Let's say you've got a standard astable multivibrator (AMV) 555 circuit that includes all the wiring, two resistors (R1, R2) and a capacitor (C1). I wonder what is the purpose of the capacitor and how does it affect the frequency?

For some capacitors the frequency is not "clean" - it fluctuates and for some it's very stable, why is that so?


2 Answers 2


You should provide a link to the circuit diagram. The component names may vary.

Assume R1 is the charge resistor and R2 is the discharge resistor.

A capacitor is like a water reservoir. Current flows into it and it fills - but with charge rather than water. As the current flows in the "head" increases - in this case the measure of fullness is the capacitor voltage. So

Current flows into the capacitor via R1 and R2 in series. The voltage on the capacitor rises. The two resistors and the capacitor between them set how long it takes the capacitor to fill so they affect that part of the oscillator cycle.

At a certain voltage level the 555 "decides" there is enough voltage on the cap so it turns on a discharge transistor inside it. The capacitor now discharges via R2. The cap and R set the time taken for the discharge part of the oscillator cycle.

So the capacitor slows down the rate of rise and the rate of fall of voltage. Without the capacitor the circuit would try to oscillate very fast and would not be controllable or predictable.

With a capacitor the time to charge is ABOUT t= (R1+R2) x C.
The time to discharge is ABOUT t = R2 x C.

Looks for circuit - oh good, R names are the same as I used ;-)

enter image description here

NE555 data sheet here

If undamaged and correct polarity caps are used the oscillation should be stable as long as the data sheet limits are met. It MAY be that some capacitor values are outside the allowable range.

"Charge flow"

While it may be stated with some justification that charge does not flow into a capacitor but rather that it flows from one "side" to the other, the statement is confusing as all get out for beginners and is not in fact strictly correct either. And in some cases is almost completely incorrect. Almost.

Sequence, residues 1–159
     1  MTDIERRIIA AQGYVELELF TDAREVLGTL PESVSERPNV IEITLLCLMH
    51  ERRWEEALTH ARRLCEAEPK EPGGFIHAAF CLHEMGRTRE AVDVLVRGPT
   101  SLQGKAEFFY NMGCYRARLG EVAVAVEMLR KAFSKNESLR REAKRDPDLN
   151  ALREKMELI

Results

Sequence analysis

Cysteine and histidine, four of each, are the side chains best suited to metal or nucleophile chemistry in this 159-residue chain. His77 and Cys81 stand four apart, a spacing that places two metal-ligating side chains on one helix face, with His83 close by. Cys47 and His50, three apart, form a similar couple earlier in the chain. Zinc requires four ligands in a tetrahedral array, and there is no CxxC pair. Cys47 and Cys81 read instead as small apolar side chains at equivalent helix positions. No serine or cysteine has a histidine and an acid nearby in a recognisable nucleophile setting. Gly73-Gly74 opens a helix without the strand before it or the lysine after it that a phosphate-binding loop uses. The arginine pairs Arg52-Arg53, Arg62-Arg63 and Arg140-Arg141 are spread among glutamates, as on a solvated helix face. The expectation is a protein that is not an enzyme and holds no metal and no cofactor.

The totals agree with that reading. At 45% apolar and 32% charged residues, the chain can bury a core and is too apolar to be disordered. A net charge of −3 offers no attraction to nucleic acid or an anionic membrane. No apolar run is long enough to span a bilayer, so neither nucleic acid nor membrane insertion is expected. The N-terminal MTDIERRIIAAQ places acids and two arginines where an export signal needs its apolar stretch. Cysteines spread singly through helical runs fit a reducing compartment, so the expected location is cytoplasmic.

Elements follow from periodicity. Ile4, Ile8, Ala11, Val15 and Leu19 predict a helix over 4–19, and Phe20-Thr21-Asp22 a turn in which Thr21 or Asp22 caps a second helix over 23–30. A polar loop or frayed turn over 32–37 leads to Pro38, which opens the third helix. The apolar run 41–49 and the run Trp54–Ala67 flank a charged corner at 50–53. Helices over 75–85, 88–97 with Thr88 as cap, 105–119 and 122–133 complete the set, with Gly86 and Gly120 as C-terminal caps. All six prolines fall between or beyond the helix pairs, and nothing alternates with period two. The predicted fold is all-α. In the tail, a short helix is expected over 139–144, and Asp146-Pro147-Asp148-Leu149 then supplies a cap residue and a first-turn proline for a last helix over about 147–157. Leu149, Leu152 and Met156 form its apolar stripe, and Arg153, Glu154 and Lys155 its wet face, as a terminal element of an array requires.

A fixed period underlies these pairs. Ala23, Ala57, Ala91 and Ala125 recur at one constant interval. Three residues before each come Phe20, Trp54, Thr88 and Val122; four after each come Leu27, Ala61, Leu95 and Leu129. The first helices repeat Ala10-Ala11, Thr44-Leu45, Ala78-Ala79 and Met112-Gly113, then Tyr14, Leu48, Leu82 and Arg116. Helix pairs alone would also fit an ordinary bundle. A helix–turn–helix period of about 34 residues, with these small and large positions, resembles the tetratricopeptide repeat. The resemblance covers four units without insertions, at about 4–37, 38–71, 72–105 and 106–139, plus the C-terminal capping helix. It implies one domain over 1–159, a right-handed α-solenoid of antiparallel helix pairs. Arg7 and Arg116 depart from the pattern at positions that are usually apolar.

ie - the claim that capacitors do not fill with charge should only be made in pubs or closed meetings of the verbal pedants society OR decent references to the overall relevant material should be given.

It will confuse beginners immensely to make such statements in isolation.
Consider eg the classic V=q/C and how it is usually used and explained.
Consider mutual capacitance and the fact that an isolated sphere of Radius R has C=kR and that charge does indeed flow into it to charge it
. (The earth has a capacitance of about 700 microFarad).
And more.

An extremely good treatment is given by the Wikipedia Capacitance entry. Understand half of what's there and you are well on the way to starting to start to become a Grand Master [tm].

  • \$\begingroup\$ The voltage over the capacitor oscillates between 1/3 and 2/3 of the supply voltage (there's an internal voltage divider that feeds two comparators). \$\endgroup\$
    – starblue
    Sep 26, 2011 at 16:15
  • \$\begingroup\$ @starblue - ? & yes. That's why I said that charge and discharge times are about the same as the time constants involved. ie the cap is swinging across a range of about 1/3 of supply so using t=RC is in the order of correct. \$\endgroup\$
    – Russell McMahon
    Sep 26, 2011 at 16:44
  • \$\begingroup\$ Capacitors don't "fill with charge". A charged capacitor has the same net charge as an uncharged capacitor. \$\endgroup\$
    – endolith
    Sep 26, 2011 at 17:18
  • 1
    \$\begingroup\$ endolith: So it would be wrong to say that a charged battery had a charge? Seriously?! \$\endgroup\$ Sep 26, 2011 at 19:37
  • 1
    \$\begingroup\$ Sorry, that's just absolute nitpicky silliness. The capacitor fills with charge as each plate acquires a charge relative to the other one. The accumulated charge results in a growing electric field. \$\endgroup\$ Sep 27, 2011 at 5:51

First note that it does not help to refer to R1, R2, C1, without reference a circuit. The standard 555 circuit has 2 capacitors, I guess you are refrerring to the one at pin 6. The other one (at pin 5) is for stability, it has nothing to do with the frequency.

If the datasheet does not say it all, this chip is so famous it has a wiki page all for itself! http://en.wikipedia.org/wiki/555_timer_IC states: In the astable mode, the frequency of the pulse stream depends on the values of R1, R2 and C. Cut-n-paste of the formula does not work, but you can check it here (or in the datasheet).

  • \$\begingroup\$ Thanks for the response - but you didn't answer what is it used for on the electrical level. I know it's used for the frequency setting - but how does it really effect the frequency and why it's unstable for some values? Thanks :) (and yes, it's the basic astable circuit without the optional capacitor) \$\endgroup\$
    – roman
    Sep 26, 2011 at 18:08
  • \$\begingroup\$ fairchildsemi.com/ds/LM/LM555.pdf p6: the capacitor is charged through the two resistors. For a higher value capacitor, it will take longer for the voltage on the capacitor to reach the trigger level. \$\endgroup\$ Sep 26, 2011 at 21:15

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